This kind of virtualization is usually referred, if not limited to, to the kind of virtualization where a complete environment is replicated. An example of this is Palm OS emulator, Android emulator, Nintendo Emulator etc. Even QEMU is an example of Emulator but it is usually referred to in the context of x86 instruction emulation or OS /Full Virtualization.

5. Desktop Virtualization:

In this kind of virtualization the desktop of a user is emulated / exported to another remote system from where it can be manipulated. Examples of this are: VNC viewer, Windows Remote Desktop. I would even consider eyeOS to be a kind of desktop virtualization.

For a detailed and complete list of different types of Virtualization, refer to Wikipedia article http://en.wikipedia.org/wiki/Virtualization

Hardware Accelerated Virtualization

Hardware Accelerated Virtualization is a kind of Full Virtualization which is accelerated with some hardware support. Not too long ago, it was difficult to do emulation of certain kind of instructions, without modifications to the Guest OS. The requirement for a system to be really called Full Virtualization system is that the Guest OS shouldn’t be modified. Apparently doing this was not so easy and even if implemented, the instructions were trapped and then emulated in software itself. This made the performance of a Virtual OS really slow in comparison to the native OS running on the system.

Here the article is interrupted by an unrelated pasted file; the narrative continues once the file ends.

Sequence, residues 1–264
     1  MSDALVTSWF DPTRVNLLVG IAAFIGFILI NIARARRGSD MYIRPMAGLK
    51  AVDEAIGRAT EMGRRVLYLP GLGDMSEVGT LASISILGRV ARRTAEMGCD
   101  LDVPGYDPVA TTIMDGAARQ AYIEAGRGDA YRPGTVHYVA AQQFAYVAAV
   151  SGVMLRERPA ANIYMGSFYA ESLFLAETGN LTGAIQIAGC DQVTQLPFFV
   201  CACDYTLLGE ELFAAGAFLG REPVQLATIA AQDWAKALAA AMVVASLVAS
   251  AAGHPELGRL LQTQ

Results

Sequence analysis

Hardware accelerated virtualization, solved this problem by proving certain instructions / extensions so that the ‘trap and emulate’ of instructions could be done in hardware. AMD and Intel processor added extensions called vmx or svm respectively to provide support for hardware assisted virtualization. To know if your processor supports these extensions type the following on a shell prompt:

$cat /proc/cpuinfo | grep “vmx \| svm”

flags        : fpu vme de pse tsc msr pae mce cx8 apic sep mtrr pge mca cmov pat pse36 clflush dts acpi mmx fxsr sse sse2 ss ht tm pbe nx lm constant_tsc arch_perfmon pebs bts aperfmperf pni dtes64 monitor ds_cpl vmx smx est tm2 ssse3 cx16 xtpr pdcm sse4_1 xsave lahf_lm tpr_shadow vnmi flexpriority

flags        : fpu vme de pse tsc msr pae mce cx8 apic sep mtrr pge mca cmov pat pse36 clflush dts acpi mmx fxsr sse sse2 ss ht tm pbe nx lm constant_tsc arch_perfmon pebs bts aperfmperf pni dtes64 monitor ds_cpl vmx smx est tm2 ssse3 cx16 xtpr pdcm sse4_1 xsave lahf_lm tpr_shadow vnmi flexpriority

Essentially the command above lists the info about your CPU and greps for flag which tells if virtualization extension is supported or not.

In short Hardware Accelerated Virtualization dramatically increases the speed of a ‘Guest OS’, so that it is as much responsive and usable as the Native / Host OS.

Hardware Requirements for Hardware Accelerated virtualization

The requirements for hardware accelerated virtualization are listed below: